"American Idol" has come under fire over the years for its supposed lack of inclusion, but that is nothing compared to flak received by the South African version of the talent show, simply titled "Idols," which in its first seven seasons never crowned a black champion--despite the fact that the population of South Africa is actually 80 percent black. But that all changed this week at the series' Season 8 finale, when Khaya Mthethwa, a self-taught multi-instrumentalist and church music director, became first black contestant to win "Idols." Even more notably, Khaya won by a reported landslide, with 80.2 percent of the votes, compared to runner-up Melissa Allison's 19.8 percent share.
It may seem odd, at first, that it would take so long for a black singer to win a show broadcast in a country with such a sizable black population. But in South Africa, "Idols" is broadcast on a private satellite channel called M-Net, meaning that the program's voting audience consists mainly of middle-class, white viewers who can afford the subscription fee. Additionally, votes have always been cast mainly via text, which costs money, meaning that poorer viewers (most of whom are black) have been less likely to participate. So in many ways, the imbalance of votes on "Idols" has historically reflected the imbalance of power and wealth in a nation still emerging from the apartheid system. Until recently, "Idols" has been harshly criticized over this phenomenon, with angry viewers accusing the show's powers-that-be of racism and even outright vote-tampering.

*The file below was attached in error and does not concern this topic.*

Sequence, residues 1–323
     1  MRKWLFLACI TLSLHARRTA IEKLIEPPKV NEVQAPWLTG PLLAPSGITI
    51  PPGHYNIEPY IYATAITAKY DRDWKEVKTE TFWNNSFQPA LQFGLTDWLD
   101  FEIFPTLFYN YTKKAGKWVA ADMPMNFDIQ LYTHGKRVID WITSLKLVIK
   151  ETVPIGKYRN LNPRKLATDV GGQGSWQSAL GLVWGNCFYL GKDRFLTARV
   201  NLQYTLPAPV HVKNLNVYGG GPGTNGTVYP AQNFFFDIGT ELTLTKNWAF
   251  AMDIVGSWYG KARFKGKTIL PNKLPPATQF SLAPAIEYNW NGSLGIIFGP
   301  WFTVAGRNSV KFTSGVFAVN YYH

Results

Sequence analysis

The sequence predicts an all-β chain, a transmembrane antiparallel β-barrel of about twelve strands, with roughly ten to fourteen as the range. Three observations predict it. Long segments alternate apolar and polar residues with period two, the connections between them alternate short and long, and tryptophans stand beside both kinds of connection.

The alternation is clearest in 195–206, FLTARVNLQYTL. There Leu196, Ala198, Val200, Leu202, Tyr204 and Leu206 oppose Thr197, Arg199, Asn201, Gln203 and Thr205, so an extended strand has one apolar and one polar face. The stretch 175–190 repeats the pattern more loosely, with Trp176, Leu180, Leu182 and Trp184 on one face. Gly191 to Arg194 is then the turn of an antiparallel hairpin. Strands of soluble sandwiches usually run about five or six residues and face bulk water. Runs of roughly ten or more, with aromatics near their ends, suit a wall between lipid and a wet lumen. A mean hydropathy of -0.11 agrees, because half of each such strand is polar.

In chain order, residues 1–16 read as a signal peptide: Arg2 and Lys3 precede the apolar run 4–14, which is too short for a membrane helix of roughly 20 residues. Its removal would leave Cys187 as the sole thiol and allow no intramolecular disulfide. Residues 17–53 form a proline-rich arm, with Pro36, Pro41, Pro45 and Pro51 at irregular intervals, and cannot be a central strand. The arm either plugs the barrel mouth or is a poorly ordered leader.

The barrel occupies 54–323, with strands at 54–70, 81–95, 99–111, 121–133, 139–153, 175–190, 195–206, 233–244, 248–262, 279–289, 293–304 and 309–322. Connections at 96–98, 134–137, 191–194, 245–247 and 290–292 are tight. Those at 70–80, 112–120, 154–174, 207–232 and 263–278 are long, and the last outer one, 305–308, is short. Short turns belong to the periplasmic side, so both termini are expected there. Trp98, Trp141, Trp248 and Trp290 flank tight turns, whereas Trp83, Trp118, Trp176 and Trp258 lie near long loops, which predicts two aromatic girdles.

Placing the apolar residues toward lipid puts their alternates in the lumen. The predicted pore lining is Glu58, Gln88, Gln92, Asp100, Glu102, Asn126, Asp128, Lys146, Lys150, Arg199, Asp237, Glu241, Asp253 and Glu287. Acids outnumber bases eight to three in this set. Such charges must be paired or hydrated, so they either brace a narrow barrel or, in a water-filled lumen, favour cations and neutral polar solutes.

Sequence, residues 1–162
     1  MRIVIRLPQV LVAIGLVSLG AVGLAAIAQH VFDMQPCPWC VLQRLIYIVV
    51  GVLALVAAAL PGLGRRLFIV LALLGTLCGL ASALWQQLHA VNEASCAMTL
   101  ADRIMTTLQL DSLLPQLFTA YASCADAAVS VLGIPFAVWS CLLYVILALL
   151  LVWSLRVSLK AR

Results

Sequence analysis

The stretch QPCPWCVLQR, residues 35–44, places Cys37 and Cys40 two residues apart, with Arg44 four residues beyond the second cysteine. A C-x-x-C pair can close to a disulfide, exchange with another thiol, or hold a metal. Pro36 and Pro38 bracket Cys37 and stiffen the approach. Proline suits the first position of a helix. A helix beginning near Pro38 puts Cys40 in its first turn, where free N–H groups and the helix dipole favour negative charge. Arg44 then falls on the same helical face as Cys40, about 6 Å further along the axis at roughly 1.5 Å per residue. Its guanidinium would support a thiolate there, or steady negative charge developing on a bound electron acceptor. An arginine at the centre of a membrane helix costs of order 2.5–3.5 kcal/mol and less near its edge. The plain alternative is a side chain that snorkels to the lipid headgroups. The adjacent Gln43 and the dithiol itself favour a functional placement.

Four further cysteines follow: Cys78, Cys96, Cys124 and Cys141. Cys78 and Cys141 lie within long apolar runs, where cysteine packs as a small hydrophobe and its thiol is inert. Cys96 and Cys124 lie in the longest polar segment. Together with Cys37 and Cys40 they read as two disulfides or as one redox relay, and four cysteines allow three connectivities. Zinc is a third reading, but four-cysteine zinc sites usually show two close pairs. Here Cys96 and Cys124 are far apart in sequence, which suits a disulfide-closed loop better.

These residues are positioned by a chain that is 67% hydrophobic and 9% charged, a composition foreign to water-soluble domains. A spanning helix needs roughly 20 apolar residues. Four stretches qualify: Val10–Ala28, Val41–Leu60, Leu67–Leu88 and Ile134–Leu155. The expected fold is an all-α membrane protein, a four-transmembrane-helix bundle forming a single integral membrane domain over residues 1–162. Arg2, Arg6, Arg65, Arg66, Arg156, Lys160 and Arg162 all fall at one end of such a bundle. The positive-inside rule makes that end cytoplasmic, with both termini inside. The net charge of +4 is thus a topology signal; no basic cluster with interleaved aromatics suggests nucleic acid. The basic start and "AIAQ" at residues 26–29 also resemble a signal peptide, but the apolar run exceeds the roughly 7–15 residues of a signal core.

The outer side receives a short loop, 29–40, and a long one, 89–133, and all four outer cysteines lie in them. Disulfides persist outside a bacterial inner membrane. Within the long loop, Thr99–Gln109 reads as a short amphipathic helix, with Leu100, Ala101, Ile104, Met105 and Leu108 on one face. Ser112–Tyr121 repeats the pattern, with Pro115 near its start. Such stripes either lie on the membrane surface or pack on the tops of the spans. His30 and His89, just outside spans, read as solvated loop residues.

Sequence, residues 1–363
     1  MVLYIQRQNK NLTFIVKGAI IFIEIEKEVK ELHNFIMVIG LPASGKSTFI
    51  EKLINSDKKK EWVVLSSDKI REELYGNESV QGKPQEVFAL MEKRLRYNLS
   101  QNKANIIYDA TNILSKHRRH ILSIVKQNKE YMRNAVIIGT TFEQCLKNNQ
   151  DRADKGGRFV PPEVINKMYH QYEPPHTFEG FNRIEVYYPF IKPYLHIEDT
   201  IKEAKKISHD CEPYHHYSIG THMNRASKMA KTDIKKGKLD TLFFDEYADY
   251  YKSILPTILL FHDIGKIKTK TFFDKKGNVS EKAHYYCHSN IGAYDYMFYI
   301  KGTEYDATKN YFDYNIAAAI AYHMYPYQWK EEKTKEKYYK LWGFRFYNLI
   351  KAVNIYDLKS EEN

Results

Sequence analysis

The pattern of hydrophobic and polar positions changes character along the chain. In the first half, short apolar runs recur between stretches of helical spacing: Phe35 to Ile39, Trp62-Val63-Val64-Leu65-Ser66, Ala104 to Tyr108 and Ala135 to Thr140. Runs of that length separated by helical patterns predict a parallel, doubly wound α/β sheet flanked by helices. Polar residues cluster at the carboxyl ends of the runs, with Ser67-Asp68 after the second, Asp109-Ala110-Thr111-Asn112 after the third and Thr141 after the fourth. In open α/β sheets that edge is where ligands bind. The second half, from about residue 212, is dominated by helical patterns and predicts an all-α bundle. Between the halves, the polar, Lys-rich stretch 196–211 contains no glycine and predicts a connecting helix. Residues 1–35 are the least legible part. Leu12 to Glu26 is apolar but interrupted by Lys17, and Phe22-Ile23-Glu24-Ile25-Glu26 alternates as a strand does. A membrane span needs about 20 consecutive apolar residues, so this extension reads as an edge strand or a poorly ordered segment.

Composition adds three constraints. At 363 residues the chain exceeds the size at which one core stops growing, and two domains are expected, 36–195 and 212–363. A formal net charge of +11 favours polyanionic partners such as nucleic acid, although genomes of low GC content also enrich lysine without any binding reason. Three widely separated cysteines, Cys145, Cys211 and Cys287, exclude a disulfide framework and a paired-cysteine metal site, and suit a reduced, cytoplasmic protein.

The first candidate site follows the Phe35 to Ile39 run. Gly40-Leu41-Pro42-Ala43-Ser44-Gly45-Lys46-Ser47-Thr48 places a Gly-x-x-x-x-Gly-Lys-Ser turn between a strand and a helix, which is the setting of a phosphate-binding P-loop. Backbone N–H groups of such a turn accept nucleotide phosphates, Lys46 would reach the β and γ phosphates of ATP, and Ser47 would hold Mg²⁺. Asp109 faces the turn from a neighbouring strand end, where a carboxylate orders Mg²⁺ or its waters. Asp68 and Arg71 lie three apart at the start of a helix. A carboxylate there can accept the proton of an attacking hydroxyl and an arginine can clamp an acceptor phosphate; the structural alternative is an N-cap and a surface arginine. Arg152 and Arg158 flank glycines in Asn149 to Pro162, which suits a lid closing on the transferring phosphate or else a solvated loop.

The unprecedented victory of Khaya, who was one-to-watch on the show from his first audition (ironically of "Super Bass," a song by new "American Idol" judge Nicki Minaj), has understandably been cause for celebration in South Africa. It has even been heralded as a sign that the times are slowly but surely changing for the troubled country. So congratulations to Khaya, and to "Idols," for making South African history!